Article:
193 Mass. 588

December 12, 1906 - January 3, 1907

Suffolk County


Bills and Notes. Evidence, Presumptions and burden of proof, Proof of foreign laws.

There is no presumption that the laws of New York contain statutory provisions similar to those of R. L. c. 73, § 103, in regard to days of grace for negotiable instruments, and, in the absence of evidence on the subject, the law of New York will be presumed to be the same as the common law of this Commonwealth before the enactment of St. 1896, c. 496.

Under R. L. c. 175, § 77, providing that "the existence, tenor or effect of all foreign laws may be proved as facts by parol evidence," the plaintiff in an action against the indorser of a promissory note which is governed by the law of New York may prove by his own answers on cross-examination, received without objection, that the note sued upon was presentable and payable on the day of its protest, which was without allowance for days of grace, although otherwise there is no evidence that days of grace had been abolished by statute in New York.

CONTRACT against the indorsers of two promissory notes, each for the sum of $2,500, dated at Watertown in the State of New York on March 29, 1905, and payable four months after date at the Liberty National Bank in the city of New York. Writ against Charles G. Brazier dated August 1, 1905, and a supplemental writ issued by order of court against George I. Robinson and others as co-defendants dated November 9, 1905.

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At the trial in the Superior Court before Flaherty, J. the plaintiff, a resident of Boston and not a lawyer, produced the notes sued upon with the notary's certificate of protest attached thereto, showing that payment was demanded and refused at the Liberty National Bank in the city of New York on July 31, 1905. The plaintiff testified that he had bought the notes for value in due course, and that he was ignorant of any infirmity in them. He was asked by his counsel no questions tending to qualify him as an expert on the law of the State of New York. The counsel for each defendant cross-examined the plaintiff and in the course of his cross-examination by the counsel for the defendant Robinson, occurred the following questions and answers:

"Q. Well, now I want to ask you about those Heard Lumber Company notes. On the 29th day of July those notes became due didn't they? A. The Heard Lumber Company's notes ? - Q. No, those notes which are before you, became due? [The notes in suit.] A. They became due on the 31st.- Q. Now pardon me, don't let's quibble about that. They became due four months from March 29th, that being Saturday they were presentable and payable on the 31st. A. Yes, sir."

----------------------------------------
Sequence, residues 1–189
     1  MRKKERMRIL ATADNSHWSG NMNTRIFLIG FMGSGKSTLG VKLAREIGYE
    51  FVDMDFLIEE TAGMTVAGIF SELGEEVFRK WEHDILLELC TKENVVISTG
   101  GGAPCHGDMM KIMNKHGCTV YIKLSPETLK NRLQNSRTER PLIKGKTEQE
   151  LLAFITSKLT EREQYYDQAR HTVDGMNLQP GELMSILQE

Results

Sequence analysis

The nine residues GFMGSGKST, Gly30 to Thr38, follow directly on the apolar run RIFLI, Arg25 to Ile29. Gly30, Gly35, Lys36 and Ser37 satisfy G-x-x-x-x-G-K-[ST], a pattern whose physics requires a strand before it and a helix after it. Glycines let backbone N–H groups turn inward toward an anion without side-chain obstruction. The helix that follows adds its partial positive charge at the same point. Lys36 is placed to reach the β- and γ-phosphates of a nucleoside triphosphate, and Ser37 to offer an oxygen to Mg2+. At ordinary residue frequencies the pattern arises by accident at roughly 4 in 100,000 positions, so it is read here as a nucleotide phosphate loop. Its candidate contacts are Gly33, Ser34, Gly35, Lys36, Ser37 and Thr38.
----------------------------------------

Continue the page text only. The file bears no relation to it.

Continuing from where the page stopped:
The plaintiff rested. Thereupon the counsel for the defendants asked the judge to direct a verdict for the defendants on the ground, among others, that no notice to the indorsers had been proved, the notarial certificates making no recital in this respect. Thereupon the counsel for the plaintiff requested that they might reopen their case and the counsel for the defendants objected. The judge allowed the counsel for the plaintiff to reopen the case. The case being reopened the counsel for the plaintiff again called the plaintiff to testify on the questions of demand and notice as follows:

"Q. Did you receive, Mr. Demelman, notice of protest from New York, on those two notes? A. I did. - Q. And are these copies which you received from New York? A. Yes, I received about a dozen of them, I think. I don't know the exact amount: two for each indorser. - Q. And what did you do with them? A. I put them in the mail and sent them to each indorser, as -whatever the addresses were on the back of the notes. - Q. And when did you receive them? A. Mailed July 31, I received

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them August first, the next morning. . . . I mailed them to the parties, indorsers on the notes. - Q. Whom did you mail them to: name them, please. A. Charles G. Brazier, George I. Robinson, Jr. and Edward L. Collins, and George N. Morton, at 3 o'clock. - Q. What date? A. August the first."

The plaintiff did not offer in evidence the laws and statutes of the State of New York.

The defendants called no witnesses. At the close of the plaintiff s testimony the defendants asked the judge to order a verdict for the defendants on the ground that no proper notice was sent. The judge ruled, as a matter of law, that the plaintiff was not entitled to recover, because no evidence had been introduced as to the law of the State of New York, and ordered the jury to return a verdict for the defendants Brazier and Robinson. The plaintiff alleged exceptions, which after the death of Flaherty, J. were allowed by Gaskill, J.

The case was submitted on briefs.

H. C. Sawyer & E. M. Schwarzenberg, for the plaintiff.

F. N. Nay & R. E. Buffum, for the defendant Brazier.

The ruling ordering a verdict for the defendants was correct. The notes in question were dated March 29, 1905, payable in four months. The twenty-ninth day of July, 1905, was a Saturday. With the customary three days of grace allowed everywhere by common law, the notes became due on Tuesday, August 1, and any demand made before that date, or protest, or notice to indorsers, was of no effect. Mechanics Bank v. Merchants Bank, 6 Met. 13, 23, 24.